Over the coming months I’m going to be documenting the re-shaping of an allotment in the oldest area of detached town gardens in the world. St Anne’s Gardens covers 75 acres and sits in the heart of the one of the most deprived inner-city communities in Britain.
Out of the 670 odd sites nestles Merly’s Orchard, which with tender loving care will be reformed to host a fete for the communities come early September.
The site of St Anne’s itself is a labyrinth of interconnecting pathways and single-track lanes flanked by thick lustrous hedges. The surrounding urban environment is left as you enter through the gateway and discover its natural inner city sanctum.
The dense growth and vegetation in the Orchard at first sight was quite overwhelming. The task at hand will necessitate much effort and hard work.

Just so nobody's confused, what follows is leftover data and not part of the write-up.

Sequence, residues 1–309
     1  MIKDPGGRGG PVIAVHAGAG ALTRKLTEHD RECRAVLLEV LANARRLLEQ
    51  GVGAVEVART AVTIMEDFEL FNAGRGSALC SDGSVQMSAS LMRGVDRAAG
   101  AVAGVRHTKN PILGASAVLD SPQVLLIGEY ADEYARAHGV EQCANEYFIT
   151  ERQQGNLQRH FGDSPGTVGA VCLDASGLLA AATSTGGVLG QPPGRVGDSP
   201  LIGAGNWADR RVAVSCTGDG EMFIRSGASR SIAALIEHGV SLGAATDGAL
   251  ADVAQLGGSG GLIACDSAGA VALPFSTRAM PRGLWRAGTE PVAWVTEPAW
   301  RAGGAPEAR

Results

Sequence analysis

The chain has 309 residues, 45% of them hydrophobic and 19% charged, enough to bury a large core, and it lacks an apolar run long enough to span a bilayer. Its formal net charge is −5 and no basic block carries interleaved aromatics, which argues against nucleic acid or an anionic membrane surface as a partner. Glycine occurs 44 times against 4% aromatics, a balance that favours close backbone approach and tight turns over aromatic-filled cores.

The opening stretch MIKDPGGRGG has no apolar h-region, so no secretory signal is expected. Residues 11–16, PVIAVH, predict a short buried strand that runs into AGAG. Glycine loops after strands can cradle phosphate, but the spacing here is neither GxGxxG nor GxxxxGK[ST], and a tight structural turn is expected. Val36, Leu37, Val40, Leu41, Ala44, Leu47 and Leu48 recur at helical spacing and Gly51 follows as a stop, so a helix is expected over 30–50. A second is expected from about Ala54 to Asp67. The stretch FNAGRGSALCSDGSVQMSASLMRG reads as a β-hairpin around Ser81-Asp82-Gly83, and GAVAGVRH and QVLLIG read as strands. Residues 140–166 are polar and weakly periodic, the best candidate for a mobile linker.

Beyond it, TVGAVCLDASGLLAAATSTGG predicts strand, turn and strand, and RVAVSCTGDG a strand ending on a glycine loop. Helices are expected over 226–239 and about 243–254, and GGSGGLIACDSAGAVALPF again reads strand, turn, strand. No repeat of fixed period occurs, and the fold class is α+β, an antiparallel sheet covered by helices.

As it’s the Buddhist Organisation I’m part of that are putting on the event I’ve reflected on how such activities relate to our daily life and what benefits they bring.
Cultivating change and transforming areas of neglect are fundamental towards personal growth and healthy life but like everything in this life require the will, perseverance and vision to see things through. With the right degree of commitment great things can be achieved and the satisfaction that you’ve been instrumental in the development.
Doesn’t say much for me really, I don’t like anything that’s too messed about with! I’m a great lover of the wild and free! But then there’s the rough and the smooth, the contrast between the manicured and the pure, they all have a place really. I can like my food in a very simply earthy rustic fashion and yet appreciate the delicate intricacy of Haute Cuisine too. Everything serves a purpose.
What’s important is pulling out what doesn’t work, that which harms healthy growth; I guess we all need to weed our inner garden.
So it should be interesting these coming months. A re defined space and the fruits of labour to be shared and loved by all.